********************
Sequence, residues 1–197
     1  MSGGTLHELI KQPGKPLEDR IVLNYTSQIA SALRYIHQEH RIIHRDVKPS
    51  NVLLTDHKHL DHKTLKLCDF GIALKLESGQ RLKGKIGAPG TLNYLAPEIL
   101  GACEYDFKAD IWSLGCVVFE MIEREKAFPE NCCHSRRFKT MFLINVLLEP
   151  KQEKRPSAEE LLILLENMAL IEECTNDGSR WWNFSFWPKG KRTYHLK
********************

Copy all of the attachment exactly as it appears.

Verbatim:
Sequence, residues 1–197
     1  MSGGTLHELI KQPGKPLEDR IVLNYTSQIA SALRYIHQEH RIIHRDVKPS
    51  NVLLTDHKHL DHKTLKLCDF GIALKLESGQ RLKGKIGAPG TLNYLAPEIL
   101  GACEYDFKAD IWSLGCVVFE MIEREKAFPE NCCHSRRFKT MFLINVLLEP
   151  KQEKRPSAEE LLILLENMAL IEECTNDGSR WWNFSFWPKG KRTYHLK